In its case before the Tax Appeals Commission, Revenue argued that the “cumulative effect of the transaction conferred a substantial tax advantage by generating a loss which far exceeded the actual monetary loss suffered by the appellant.” and that “the entire transaction was completed in under one month in a largely circular transaction which achieved nothing commercially”.

The commission agreed and found that the scheme was an “assortment of elaborate arrangements structured by the tax advisors”, that there was no commercial motive for the investment in the German bond “other than to crystallise an artificial tax loss” and that the “Appellant’s entitlement to the loss relief was highly contrived”. It ruled against the scheme.

This prompted the appeal. At the High Court, the four businessmen, through the Hanrahan test case, argued that the Revenue had simply left it too long to challenge the scheme. This was rejected by the court.

However, the businessmen also argued that the scheme, while designed to reduce tax, fell within the law and was not a tax avoidance scheme. It was on this grounds that the businessmen won.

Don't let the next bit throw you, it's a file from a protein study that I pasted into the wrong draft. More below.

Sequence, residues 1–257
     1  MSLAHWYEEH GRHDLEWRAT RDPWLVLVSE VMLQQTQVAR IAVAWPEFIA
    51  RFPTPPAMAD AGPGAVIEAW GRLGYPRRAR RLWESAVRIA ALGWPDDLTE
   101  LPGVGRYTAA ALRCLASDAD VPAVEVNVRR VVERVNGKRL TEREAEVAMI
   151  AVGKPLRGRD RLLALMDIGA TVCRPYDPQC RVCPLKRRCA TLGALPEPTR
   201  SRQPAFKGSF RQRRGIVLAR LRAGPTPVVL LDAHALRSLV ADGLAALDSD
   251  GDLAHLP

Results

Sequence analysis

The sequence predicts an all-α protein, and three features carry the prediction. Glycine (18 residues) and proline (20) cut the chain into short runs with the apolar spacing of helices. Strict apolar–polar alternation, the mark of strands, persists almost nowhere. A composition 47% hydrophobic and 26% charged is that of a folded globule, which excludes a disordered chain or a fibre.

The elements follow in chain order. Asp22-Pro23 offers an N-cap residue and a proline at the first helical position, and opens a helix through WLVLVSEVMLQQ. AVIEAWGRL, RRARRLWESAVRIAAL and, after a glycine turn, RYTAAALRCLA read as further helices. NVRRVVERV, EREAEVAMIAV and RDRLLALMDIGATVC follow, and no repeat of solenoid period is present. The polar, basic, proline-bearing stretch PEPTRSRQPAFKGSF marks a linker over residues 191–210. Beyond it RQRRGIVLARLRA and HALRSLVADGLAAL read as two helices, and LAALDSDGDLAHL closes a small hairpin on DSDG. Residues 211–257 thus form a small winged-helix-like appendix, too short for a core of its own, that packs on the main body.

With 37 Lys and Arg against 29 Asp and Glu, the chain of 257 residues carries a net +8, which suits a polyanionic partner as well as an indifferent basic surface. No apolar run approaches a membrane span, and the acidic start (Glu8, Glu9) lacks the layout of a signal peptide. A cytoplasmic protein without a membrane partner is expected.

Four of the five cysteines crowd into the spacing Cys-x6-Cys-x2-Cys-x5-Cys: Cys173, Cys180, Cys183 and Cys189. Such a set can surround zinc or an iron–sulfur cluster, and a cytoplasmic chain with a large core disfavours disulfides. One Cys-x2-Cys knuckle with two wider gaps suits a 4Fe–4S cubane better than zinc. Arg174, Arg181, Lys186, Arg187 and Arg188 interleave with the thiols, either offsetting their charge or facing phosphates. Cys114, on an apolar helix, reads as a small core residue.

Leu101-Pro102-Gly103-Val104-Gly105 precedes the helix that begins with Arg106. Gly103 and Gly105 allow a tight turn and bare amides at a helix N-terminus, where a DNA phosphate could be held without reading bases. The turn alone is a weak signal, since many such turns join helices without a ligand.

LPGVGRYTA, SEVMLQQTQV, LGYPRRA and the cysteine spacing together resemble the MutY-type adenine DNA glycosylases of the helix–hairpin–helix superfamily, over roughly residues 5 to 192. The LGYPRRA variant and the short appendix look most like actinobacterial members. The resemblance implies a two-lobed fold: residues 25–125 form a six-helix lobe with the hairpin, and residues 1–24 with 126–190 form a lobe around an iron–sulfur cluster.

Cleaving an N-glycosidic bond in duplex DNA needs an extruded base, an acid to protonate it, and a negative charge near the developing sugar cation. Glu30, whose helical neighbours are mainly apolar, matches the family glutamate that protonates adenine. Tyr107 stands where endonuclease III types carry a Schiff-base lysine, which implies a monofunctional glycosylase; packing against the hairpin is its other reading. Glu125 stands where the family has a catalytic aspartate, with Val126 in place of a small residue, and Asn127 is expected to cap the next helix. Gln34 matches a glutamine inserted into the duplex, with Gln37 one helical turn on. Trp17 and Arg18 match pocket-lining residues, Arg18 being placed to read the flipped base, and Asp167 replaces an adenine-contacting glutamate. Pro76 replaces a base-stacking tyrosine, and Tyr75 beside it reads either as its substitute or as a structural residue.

In her judgement, Ms Justice Stack stated that the appellant, Hanrahan, “cleverly and deliberately took advantage of the anti-avoidance provision in s. 549 to create an artificial loss solely for the purpose of reducing his capital gains tax liability”. The judge said that the Oireachtas did not foresee, or given a previous test case, had failed to address the scheme drawn up on behalf of Hanrahan.

Ms Justice Stack added:

“It had specifically legislated for tax avoidance schemes drawn up by connected persons for the purposes of avoiding capital gains liability and, even more specifically, addressed its mind to the creation of artificial losses by transactions between connected persons. By the use of a slightly more complicated structure, the appellant has not only avoided the anti-avoidance provisions but has in fact taken advantage of them for his own purposes to create the very artificial loss which they are designed to avoid.”

The decision came despite the judge stating that “it is very difficult to contend in this case that the transaction in question was undertaken or arranged primarily for purposes other than to give rise to a tax advantage”. Indeed, this is not disputed by the appellant, who does not contest the finding of the Appeal Commissioner that there was no commercial logic to the transaction.

However, Hanrahan won because he was able to prove the scheme had operated within the tax code, despite existing to give a tax advantage.

It it likely that the decision will be appealed to the Court of Appeal.